11 Mindfulness Considerations for On-Duty and Off-Duty Officers

In a recent feature on the Federal Bureau of Investigation’s Law Enforcement Blog, three Ph.D. researchers with backgrounds in law enforcement offered perspectives on their research into so-called “mindfulness training” – defined by the article as a process enabling officers “to become fully aware of the current moment while acknowledging and openly accepting their thoughts, feelings, and bodily sensations.”

The researchers note a number of tests of mindfulness training in law enforcement contexts, including a program in which “staff members taught 62 officers how to increase their attention to everyday activities and practice situational awareness of their breathing and bodily sensations during work-related stressful events. Participants experienced fewer health issues, including sleep problems, occupational and general stress, fatigue, and burnout.”

The article also notes programs targeting senior police trainers, with the goal of incorporating mindfulness techniques into training curricula, including one practice in which, within a sample of 193 police officers, “researchers demonstrated that an increased ability to maintain mindful, nonjudgmental awareness while on duty significantly resulted in fewer symptoms related to post-traumatic stress disorder (PTSD). Trauma-exposed individuals may cope by avoiding thoughts, feelings, and experiences that exacerbate post-traumatic distress—this often paradoxically intensifies symptoms.”

The researchers offer eleven steps officers can consider within both On-Duty and Off-Duty contexts:

On Duty

  1. Take a few deep breaths or pause for a moment to breathe naturally and follow the air going in and out. You may want to say “in” and “out” to better concentrate.
  2. Observe your experience just as it is, including thoughts, feelings, and sensations. You can reflect on your thoughts. Notice that they are neither facts nor permanent. Focus on any feelings, such as job-related stress, and how your body expresses them. Do not apply negative labels, such as “bad” or “weak,” to your thoughts, feelings, and sensations. Rather, accept them without judgement.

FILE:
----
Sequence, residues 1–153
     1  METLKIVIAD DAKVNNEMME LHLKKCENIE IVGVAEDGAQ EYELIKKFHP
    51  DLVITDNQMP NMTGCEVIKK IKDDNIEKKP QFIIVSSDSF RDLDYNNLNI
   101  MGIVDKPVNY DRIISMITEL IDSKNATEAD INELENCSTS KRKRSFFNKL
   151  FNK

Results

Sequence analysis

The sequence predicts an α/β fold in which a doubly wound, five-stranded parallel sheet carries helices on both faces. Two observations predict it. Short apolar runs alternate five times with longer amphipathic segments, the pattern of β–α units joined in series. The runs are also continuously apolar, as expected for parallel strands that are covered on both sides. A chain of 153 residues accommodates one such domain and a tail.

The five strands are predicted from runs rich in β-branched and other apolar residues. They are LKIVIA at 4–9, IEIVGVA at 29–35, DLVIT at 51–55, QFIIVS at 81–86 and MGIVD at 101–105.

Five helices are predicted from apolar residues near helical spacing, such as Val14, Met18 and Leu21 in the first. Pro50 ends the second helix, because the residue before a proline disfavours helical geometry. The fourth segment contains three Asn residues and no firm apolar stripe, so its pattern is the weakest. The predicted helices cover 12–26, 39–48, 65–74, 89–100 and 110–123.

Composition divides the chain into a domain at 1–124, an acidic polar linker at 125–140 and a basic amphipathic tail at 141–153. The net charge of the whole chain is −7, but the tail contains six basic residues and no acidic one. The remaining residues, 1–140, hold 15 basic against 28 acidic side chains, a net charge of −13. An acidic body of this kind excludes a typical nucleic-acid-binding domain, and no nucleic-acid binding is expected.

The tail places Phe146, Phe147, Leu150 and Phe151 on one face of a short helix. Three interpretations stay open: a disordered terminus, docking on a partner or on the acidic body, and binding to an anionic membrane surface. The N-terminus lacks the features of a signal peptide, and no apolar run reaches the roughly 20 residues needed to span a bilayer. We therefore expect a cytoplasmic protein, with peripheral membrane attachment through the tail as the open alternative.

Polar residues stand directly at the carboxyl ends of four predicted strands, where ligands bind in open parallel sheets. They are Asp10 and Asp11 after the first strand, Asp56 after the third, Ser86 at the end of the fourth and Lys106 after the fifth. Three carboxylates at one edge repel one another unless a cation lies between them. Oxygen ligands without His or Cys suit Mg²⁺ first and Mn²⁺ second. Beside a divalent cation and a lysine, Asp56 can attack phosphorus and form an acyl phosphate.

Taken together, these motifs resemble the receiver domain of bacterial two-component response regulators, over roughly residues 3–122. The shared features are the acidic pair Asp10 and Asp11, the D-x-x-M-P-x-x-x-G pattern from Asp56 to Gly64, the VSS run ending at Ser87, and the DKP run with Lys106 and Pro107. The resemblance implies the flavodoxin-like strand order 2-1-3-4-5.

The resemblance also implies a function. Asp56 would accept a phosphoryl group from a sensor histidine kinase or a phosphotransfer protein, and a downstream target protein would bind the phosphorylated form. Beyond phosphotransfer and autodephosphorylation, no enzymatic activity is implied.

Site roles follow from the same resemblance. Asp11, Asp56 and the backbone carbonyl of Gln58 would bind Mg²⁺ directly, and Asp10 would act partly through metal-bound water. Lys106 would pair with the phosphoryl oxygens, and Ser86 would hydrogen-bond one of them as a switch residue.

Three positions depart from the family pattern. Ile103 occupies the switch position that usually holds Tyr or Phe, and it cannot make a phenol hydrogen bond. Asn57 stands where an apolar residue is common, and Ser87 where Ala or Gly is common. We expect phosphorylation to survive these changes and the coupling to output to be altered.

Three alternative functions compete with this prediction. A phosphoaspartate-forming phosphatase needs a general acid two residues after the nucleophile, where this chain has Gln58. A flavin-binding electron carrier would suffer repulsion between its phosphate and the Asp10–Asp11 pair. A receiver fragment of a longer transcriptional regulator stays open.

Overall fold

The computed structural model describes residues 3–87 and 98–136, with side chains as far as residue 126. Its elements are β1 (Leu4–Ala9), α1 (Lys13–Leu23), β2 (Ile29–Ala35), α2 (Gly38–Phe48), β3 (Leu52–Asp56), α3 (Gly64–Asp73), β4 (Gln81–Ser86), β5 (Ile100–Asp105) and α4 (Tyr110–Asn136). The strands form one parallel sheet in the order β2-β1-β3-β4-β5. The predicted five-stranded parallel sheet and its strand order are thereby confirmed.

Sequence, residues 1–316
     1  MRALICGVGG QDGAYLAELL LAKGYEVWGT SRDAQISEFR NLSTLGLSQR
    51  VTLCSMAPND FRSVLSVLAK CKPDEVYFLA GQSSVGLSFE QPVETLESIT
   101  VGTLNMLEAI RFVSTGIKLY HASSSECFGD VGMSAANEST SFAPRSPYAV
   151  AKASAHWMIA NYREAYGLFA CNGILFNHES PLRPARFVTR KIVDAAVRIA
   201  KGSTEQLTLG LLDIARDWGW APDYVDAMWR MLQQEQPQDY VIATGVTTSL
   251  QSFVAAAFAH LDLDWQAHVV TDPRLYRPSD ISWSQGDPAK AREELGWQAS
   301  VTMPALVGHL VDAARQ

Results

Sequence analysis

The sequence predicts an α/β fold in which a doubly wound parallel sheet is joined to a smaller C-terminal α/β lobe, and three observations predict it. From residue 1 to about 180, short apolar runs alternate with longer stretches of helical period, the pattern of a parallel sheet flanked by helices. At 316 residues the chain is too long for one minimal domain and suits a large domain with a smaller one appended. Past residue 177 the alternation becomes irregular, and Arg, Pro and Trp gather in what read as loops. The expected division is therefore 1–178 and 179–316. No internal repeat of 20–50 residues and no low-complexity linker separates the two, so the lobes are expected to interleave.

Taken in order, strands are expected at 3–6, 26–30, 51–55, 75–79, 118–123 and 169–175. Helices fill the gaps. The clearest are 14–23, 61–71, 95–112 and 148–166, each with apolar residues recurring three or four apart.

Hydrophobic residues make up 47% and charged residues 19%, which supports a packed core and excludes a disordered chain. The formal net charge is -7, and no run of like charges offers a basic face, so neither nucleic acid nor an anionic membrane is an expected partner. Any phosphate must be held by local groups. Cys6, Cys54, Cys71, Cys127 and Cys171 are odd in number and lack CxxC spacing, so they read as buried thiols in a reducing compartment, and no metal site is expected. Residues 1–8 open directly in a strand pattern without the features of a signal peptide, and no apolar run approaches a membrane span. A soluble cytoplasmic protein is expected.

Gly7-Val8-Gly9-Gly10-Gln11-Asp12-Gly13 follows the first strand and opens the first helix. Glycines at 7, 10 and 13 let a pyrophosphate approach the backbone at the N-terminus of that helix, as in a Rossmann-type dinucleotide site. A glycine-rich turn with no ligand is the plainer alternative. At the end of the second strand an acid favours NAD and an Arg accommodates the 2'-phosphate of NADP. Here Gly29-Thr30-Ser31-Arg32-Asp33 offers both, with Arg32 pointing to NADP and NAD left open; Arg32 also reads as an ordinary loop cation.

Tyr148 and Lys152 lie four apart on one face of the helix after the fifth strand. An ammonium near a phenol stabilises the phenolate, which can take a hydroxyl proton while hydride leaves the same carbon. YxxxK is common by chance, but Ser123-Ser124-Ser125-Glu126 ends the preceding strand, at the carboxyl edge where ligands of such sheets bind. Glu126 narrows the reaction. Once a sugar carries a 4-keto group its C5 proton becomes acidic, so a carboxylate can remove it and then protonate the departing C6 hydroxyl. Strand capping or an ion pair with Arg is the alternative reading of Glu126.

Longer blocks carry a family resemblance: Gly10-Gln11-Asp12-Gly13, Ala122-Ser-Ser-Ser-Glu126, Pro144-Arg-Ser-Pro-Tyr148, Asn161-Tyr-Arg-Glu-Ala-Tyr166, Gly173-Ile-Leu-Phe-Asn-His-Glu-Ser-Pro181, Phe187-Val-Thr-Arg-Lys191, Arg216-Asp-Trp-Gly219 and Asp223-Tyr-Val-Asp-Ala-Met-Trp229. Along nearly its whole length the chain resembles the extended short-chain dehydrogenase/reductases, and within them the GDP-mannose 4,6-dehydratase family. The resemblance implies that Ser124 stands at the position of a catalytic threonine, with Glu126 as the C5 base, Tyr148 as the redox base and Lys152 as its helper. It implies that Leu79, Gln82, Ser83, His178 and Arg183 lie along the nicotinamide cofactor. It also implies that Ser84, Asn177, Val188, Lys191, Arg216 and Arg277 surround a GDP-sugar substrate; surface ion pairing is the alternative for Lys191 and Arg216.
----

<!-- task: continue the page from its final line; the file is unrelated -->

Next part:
3. Complete the technique with something that will help you stay in the moment. For instance, you may talk to a colleague or check your bodily sensations (e.g., those resulting from standing up or sitting in the patrol car).

You may use certain cues (e.g., wristbands or smartphone message indicators) as reminders to apply mindfulness techniques during your shift. In addition, right before, during, and just after exposure to critical incidents, you can apply step 1 and, briefly, step 2 as time limitations permit.

Off Duty

  1. Stop what you are doing, and put things down for a moment. Sit on a chair with your legs uncrossed and put your arms in a comfortable position on your armrests or thighs, palms up. You may have your eyes closed or opened.
  2. Imagine your breath flowing to each part of your body as your focus gently moves up. Concentrate on your breathing and notice how the air moves in and out.
  3. Direct your attention to the toes of your left foot. Notice the sensations while remaining aware of your breathing. Imagine each breath flowing to your toes. You may ask, “What sensation do I have in this part of my body?” After focusing on your left toes for a moment, move your attention to the arch and heel of your left foot and hold it there for a minute or two. Continue to concentrate on your breathing. Notice the feeling on your skin and the weight of your foot on the floor. Imagine the air flowing to the arch and heel of your left foot and ask, “What sensations can I feel in this area?”
  4. Follow the same procedure as you move to your left ankle, calf, knee, upper leg, and thigh. Repeat with the right leg, starting with your toes.
  5. Move through your pelvis, lower back, and stomach. Focus on the rising and falling of your stomach as your breath goes in and out.
  6. Concentrate on your chest, left hand, left arm, left shoulder, right hand, right arm, right shoulder, neck, chin, tongue, mouth, lips, lower face, and nose.
  7. Notice your breath in and out of your nostrils. Then, focus on your upper cheeks, eyes, forehead, scalp, and top of your head. Next, concentrate on and scan your body altogether.
  8. Complete the technique with something that will help you stay in the moment. For instance, talk to a family member or friend or enjoy a nice meal or refreshment (e.g., tea).

 

 

 

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